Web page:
At age 3, Malcolm Rae Radboy has a fashion game stronger than most guys 10 times his age. Driven by what his dad, the creative director Babak Radboy, describes as his “butch” personality, his uniform consists mainly of jeans and T-shirts, duded up with designer pieces to arrive at a cultivated mix of high and low. Among his choice looks: inexpensive Old Navy pants worn with a Dolce & Gabbana sweater, and Jean Paul Gaultier jeans paired with a Pierre Cardin top from the 1970s. Usually, Malcolm accessorizes his outfits with highly sought-after Yeezy kicks, given to him by Adidas.
“Designer clothes worn by children are like snowsuits worn by adults. Few can carry it off successfully,” the writer Fran Lebowitz once observed. Clearly, she had yet to encounter Malcolm and today’s crop of similarly fly kids. Encouraged by their millennial parents, many of these tots are not only embracing fashion like a beloved teddy bear but also becoming budding style stars, followed and fussed over on social media for their cutting-edge looks.
“The key with kids’ wear,” Radboy says, “is having a little bit of humor.”
With that in mind, he and the designer Telfar Clemens have launched Telfar Bambino, a kids’-wear line that echoes the subversive, post-gender spirit of Clemens’s main line. Among the offerings are a Simplex shirt designed from overlapping circles and “thigh-hole” dungarees that Malcolm calls his Hulk jeans. Needless to say, the line is not for every child, and as such, it will be sold exclusively on Telfar’s website. “I’m not sure what store is ready for this,” Radboy admits.
His collection is just one of many recent launches bringing a fashion-forward attitude to the kids’-wear market. Designer children’s wear is nothing new: Oscar de la Renta and Ralph Lauren have long catered to the kindergarten crowd. But lately a slew of edgy, street-inflected brands have joined the mini-me market. Balenciaga debuted its children’s collection at its men’s spring fashion show, where model dads strolled the Bois de Boulogne with their offspring—the latter dressed in gargantuan sweatshirts, slogan tees, and the brand’s signature Speed knit sneakers. “The collection is literally a mini-version of the men’s and women’s ones,” says the Webster’s Laure Heriard Dubreuil, who will be selling it. “We love creating a full family story.”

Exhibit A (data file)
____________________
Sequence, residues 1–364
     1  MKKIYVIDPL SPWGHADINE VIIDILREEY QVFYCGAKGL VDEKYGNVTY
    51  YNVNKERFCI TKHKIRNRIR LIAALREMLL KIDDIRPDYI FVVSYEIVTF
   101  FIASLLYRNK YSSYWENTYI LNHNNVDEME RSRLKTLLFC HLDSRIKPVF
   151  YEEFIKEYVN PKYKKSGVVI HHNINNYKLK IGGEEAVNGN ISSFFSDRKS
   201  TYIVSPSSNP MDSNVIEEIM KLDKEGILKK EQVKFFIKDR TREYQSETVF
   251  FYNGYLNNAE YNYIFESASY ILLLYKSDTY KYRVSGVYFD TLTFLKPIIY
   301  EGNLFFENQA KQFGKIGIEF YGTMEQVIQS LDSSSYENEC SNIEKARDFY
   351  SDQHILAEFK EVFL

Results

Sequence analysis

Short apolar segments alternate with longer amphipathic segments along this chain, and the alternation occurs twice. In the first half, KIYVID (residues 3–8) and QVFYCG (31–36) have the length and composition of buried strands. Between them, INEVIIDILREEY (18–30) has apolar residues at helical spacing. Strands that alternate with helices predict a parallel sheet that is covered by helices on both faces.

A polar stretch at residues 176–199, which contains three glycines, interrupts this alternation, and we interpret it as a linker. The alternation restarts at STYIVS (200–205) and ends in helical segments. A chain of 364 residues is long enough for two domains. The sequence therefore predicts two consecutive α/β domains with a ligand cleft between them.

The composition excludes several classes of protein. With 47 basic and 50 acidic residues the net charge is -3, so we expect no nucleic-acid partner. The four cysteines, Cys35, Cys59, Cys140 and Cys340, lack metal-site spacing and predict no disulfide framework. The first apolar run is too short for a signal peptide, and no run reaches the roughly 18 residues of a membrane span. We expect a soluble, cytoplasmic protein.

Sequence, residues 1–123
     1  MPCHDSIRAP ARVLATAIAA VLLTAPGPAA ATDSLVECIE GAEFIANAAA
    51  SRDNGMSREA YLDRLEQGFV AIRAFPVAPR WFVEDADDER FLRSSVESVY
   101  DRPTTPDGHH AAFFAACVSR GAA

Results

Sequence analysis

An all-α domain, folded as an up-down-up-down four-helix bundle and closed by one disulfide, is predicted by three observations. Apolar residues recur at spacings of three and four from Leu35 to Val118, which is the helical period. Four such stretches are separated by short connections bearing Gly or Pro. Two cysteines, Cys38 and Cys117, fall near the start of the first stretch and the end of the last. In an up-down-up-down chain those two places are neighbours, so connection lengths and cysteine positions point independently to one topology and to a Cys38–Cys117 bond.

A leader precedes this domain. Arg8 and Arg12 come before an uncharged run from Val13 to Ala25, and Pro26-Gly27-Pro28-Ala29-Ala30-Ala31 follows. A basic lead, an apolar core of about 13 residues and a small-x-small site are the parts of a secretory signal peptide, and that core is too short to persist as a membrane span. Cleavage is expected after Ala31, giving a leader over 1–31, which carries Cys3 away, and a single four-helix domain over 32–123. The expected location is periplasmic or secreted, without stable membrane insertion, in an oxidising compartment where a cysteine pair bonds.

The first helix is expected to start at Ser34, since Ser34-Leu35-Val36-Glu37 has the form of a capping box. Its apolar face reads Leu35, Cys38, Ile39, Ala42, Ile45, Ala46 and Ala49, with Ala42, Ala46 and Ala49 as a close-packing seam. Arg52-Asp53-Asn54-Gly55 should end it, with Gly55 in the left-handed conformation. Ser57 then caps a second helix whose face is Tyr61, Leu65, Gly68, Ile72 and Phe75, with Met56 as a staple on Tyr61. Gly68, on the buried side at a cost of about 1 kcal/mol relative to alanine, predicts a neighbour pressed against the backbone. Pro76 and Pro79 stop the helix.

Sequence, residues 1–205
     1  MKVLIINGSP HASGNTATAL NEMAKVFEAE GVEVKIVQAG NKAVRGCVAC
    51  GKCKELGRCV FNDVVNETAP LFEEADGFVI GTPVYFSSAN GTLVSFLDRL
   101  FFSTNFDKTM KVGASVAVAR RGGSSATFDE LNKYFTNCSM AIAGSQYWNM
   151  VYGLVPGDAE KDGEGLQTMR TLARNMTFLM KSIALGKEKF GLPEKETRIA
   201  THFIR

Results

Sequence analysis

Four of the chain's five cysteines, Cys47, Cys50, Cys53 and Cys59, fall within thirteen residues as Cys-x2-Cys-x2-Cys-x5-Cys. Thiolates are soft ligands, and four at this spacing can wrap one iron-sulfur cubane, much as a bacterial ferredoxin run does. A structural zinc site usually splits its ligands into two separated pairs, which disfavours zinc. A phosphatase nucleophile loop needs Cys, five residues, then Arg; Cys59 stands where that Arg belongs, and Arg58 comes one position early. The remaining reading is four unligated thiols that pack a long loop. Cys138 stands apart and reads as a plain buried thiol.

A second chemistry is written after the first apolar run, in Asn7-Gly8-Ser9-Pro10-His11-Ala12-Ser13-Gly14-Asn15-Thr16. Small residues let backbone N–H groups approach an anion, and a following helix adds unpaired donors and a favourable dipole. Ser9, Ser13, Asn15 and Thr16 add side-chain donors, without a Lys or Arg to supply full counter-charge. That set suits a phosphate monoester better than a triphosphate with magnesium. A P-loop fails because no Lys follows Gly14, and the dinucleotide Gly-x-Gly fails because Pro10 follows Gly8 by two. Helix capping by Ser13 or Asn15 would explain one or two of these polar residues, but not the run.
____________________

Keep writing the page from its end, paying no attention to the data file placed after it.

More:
Similarly, Balmain and Givenchy jumped into kids’ wear this past fall, with shrunken versions of the house’s key looks. “It was very easy to choose which styles to produce,” stated Balmain’s Olivier Rousteing of the cavalry jackets, sequin dresses, and zebra-print tops. “These are the same looks that, over the years, moms and dads have pleaded with me to produce for their kids.” For its part, Givenchy is offering logo’d swimwear and T-shirts emblazoned with Rottweilers, a tough-guy motif initiated by the brand’s former creative director Riccardo Tisci. The fall collection was designed by Clare Waight Keller.
“It’s a big market and getting bigger than ever—you can’t ignore the financial success of it,” says the designer Jeremy Scott, who credits social media and trendy tykes like North West and Blue Ivy Carter for its evolution into cool. Along with Moschino’s kids’-wear line, he also designs a line of strollers, car seats, and carriers for Cybex—the latest stroller features cherubs and gold wings affixed to the sides. A Jeremy Scott children’s collection, replete with all the comically radical elements that Scott is known for, will be available this fall. “At the end of the day,” he says, “no one wants their kids in dorky clothes.”